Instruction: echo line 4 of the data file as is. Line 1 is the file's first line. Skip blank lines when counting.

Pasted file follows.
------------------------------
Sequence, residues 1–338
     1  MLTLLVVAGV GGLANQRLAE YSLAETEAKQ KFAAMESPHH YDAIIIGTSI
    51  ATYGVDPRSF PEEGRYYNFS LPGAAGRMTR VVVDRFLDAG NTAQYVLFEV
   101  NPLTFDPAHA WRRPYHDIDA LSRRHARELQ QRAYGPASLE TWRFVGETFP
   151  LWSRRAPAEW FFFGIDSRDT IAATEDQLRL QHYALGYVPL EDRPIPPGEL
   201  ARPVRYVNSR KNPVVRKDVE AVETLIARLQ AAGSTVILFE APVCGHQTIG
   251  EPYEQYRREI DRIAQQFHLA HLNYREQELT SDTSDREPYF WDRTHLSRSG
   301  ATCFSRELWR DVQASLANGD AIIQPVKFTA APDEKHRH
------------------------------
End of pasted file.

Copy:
   101  NPLTFDPAHA WRRPYHDIDA LSRRHARELQ QRAYGPASLE TWRFVGETFP